“As a K-2 building, we knew coming into this school year that none of our students have had a typical school experience and that we had to look at how to do things differently,” explains William O. Schaefer Elementary School Principal Sheila Beglin. “Luckily, with four full-time Reading/ RTI teachers–Elizabeth Barsanti, Kerri Goldstein, Bridget Incognoli and Lucia McCahill–we had the expertise to make a significant shift to our philosophy and practice regarding academic intervention.”
“Response to intervention,” or RTI, had traditionally been offered to students who consistently performed below grade level on a number of reading assessments, such as STAR, Heggerty Phonemic Awareness and Fountas & Pinnell. Students who met the criteria to receive RTI used to receive reading support and progress monitoring in a pull-out format.
With an eye towards closing COVID-related learning gaps, the team decided to flip the RTI model to be more preventative. “Initially, we decided to focus on preventative phonemic awareness instruction to begin the year in the hopes of remediating any weakness before they become a deficit,” continued Galvin.
“Previously RTI reading support was delivered in 30-minute sessions within a master building-wide schedule based on 40-minute periods. To maximize the number of students that could be reached, we worked closely with our Reading team to expand their sessions to match the 40-minute scheduling blocks,” Assistant Principal Brian Galvin said.
At the start of the school year, administrators divided the first two periods of the school day into four 20-minute “preventive” blocks to accommodate targeted, push-in support services. With RTI support offered on alternating days, this schedule shift enabled each Reading teacher to push into eight classes for three blocks within the six-day cycle. “This enabled our Reading teachers to service more students with shorter, targeted push-in support which is less disruptive to the children’s school day,” added Galvin.
By restructuring RTI, WOS has been able to offer tiered support to a greater number of students. Twenty-minute classroom push-in sessions every other day support students who are performing one level below proficiency. Students who are reading below the grade level expectations receive 40 minutes of small group, pull-out support every other day.
“The pandemic presented challenges for our District’s youngest readers. As an intervention team, we problem-solved creative ways to meet the literacy learning needs of all our growing readers,” said Incognoli. “We implemented universal assessments to collect data to create new and various interventions to target the specific areas of literacy development in need of improvement. Our multi-tiered support system includes numerous types of push-in and pull-out literacy interventions for K-2, including multisensory phonemic awareness instruction, explicit strategy instruction, multi-sensory phonics instruction and fluency instruction. Push-in intervention allowed for more opportunities for classroom teachers, reading specialists, RTI teachers and teaching assistants to collaborate on and articulate instructional strategies and student progress. As interventionists, we see the transfer of strategies learned during intervention to independent practice in the classroom.”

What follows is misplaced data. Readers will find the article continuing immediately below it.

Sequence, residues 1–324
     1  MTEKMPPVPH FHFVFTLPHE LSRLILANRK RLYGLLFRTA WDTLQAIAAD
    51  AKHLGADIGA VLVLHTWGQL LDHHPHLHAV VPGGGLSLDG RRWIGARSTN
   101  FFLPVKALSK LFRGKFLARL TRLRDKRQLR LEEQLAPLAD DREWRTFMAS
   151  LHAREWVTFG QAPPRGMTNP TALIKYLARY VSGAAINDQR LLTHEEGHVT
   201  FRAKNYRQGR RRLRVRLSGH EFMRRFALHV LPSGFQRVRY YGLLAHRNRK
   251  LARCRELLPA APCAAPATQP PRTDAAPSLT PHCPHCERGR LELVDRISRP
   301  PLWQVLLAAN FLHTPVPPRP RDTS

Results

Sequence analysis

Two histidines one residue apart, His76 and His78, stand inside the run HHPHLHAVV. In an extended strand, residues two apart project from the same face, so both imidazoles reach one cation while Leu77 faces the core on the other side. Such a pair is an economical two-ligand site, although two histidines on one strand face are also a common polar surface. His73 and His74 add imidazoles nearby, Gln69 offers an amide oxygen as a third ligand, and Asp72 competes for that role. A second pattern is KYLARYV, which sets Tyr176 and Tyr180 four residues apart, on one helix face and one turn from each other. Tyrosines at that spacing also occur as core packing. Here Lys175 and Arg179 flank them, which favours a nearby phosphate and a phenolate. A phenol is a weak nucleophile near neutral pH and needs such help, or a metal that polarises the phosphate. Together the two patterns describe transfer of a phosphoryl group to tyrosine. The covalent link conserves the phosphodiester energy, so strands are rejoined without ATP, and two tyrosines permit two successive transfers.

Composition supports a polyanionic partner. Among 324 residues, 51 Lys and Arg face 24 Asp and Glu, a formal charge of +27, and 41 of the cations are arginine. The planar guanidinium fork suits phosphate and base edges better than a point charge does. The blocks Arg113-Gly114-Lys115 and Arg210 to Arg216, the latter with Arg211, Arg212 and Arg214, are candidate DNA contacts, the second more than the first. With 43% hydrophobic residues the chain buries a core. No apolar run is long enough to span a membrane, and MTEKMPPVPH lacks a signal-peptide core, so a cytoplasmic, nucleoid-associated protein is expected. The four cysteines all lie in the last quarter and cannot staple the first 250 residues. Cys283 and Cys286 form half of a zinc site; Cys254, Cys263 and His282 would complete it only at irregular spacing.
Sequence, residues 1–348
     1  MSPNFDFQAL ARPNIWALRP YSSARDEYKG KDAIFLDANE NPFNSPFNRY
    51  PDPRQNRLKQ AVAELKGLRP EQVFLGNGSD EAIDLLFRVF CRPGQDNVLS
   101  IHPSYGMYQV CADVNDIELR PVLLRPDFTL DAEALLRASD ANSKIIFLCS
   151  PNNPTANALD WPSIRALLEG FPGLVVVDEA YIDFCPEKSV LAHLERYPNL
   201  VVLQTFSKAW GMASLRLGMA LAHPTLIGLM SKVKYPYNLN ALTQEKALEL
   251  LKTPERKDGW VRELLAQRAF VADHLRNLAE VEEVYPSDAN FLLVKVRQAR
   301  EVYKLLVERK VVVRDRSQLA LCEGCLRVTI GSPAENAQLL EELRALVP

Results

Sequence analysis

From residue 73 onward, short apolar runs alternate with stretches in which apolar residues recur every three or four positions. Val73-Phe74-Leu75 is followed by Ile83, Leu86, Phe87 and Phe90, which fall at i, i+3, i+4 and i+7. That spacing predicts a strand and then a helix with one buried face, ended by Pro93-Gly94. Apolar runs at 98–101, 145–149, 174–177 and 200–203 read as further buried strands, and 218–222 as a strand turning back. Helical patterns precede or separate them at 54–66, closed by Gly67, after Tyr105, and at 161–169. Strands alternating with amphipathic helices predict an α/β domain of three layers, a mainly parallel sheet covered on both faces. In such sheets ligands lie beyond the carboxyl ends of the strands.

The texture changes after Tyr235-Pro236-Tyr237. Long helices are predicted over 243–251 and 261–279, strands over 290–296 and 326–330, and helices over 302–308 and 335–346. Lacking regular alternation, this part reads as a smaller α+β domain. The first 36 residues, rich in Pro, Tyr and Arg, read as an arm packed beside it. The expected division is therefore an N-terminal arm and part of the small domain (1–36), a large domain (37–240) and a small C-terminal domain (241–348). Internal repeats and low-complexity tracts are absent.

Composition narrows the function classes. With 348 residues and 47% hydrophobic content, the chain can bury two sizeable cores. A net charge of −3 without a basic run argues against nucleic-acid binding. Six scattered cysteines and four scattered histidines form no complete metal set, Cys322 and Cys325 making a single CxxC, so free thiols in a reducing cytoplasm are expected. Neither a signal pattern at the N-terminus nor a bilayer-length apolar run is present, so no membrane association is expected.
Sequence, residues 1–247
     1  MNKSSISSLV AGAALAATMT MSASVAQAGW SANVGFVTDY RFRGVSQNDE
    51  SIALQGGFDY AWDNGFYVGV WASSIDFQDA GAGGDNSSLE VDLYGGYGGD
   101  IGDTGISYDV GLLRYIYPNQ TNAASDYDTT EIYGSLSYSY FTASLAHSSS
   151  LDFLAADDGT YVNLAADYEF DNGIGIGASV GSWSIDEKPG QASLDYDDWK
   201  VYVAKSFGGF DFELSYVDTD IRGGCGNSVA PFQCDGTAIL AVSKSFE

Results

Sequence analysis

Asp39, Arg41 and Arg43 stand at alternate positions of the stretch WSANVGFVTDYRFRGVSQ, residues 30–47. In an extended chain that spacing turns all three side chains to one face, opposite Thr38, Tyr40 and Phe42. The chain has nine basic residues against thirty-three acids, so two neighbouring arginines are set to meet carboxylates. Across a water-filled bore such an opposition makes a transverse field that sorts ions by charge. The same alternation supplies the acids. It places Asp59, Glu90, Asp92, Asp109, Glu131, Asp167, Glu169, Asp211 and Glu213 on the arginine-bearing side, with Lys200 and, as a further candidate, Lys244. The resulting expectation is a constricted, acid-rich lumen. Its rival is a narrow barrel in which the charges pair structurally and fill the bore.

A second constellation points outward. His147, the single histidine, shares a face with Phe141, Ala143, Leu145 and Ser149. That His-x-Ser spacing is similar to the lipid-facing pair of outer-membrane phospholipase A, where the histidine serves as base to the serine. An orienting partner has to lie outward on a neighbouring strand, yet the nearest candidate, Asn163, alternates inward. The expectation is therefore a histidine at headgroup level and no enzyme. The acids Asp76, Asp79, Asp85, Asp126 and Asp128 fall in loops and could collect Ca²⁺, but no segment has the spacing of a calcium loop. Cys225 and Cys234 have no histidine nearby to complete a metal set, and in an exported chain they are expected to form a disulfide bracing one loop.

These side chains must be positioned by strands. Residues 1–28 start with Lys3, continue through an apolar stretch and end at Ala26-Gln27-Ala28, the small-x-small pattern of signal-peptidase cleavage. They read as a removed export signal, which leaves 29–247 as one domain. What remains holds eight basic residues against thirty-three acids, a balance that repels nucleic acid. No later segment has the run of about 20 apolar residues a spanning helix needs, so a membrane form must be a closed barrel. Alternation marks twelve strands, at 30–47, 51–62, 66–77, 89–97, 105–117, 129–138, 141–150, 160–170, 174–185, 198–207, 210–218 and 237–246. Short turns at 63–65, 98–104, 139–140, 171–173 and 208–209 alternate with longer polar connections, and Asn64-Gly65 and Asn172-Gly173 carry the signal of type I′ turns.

The results are promising. During the first trimester of this school year, 81 first- and second-graders received RTI support based on their performance on the Heggerty Phonemic Awareness assessment administered in June 2021. By the end of the trimester, 79 percent of participants scored “proficient” in all areas of phonemic awareness and exited the program.
In the second trimester, any first- or second-grade student reading one to two levels below grade level expectations received RTI reading support spanning all five pillars of literacy: phonemic awareness, phonics, fluency, vocabulary and comprehension. Of the 45 students who received push-in support, roughly 50 percent met grade level expectations in March.
For the final trimester of the school year, preventative RTI reading support is being extended to serve kindergartners.
“We are supporting every student who is not meeting grade-level expectations. We’re using a data-driven approach to examine and address specific areas of need, such as phonemic awareness, sight words, fluency,” noted Principal Sheila Beglin. “We’re giving every child an added boost to prevent them from falling behind. Staff feedback has been overwhelmingly positive: 95 percent of our educators reported that they found push-in supports to be successful. Most encouraging is that the data is showing that this preventative, multi-tiered approach is working.”
Snap words, phonemic awareness and pattern recognition were the focus of a recent kindergarten push-in lesson led by Reading teacher Kerri Goldstein. “As we’re working on these early literacy skills, I make the activities engaging so the students stay motivated and focused,” said Goldstein.
“When we’re learning, we want to get into our brain in many different ways,” explains Reading teacher Elizabeth Barsanti as she led students through a systemic, explicit multi-sensory phonics pull-out lesson. “We’re developing automaticity so that when we see letters and words, we don’t have to think about it–they’ll come to us automatically. The more we practice, the better we can read fluently and with expression.”
Reading teacher Bridget Incognoli coaches students through strategies–”pointer power,” “check the pictures” and “pop out the first sound”–as they read Glenn Doyle’s “Where Things Grow” during a classroom push-in session.
“Does it make sense? Does it look right? If not, fix it.” A student reflects on strategies to build reading fluency and comprehension during a recent pull-out session with Reading teacher Lucia McCahill.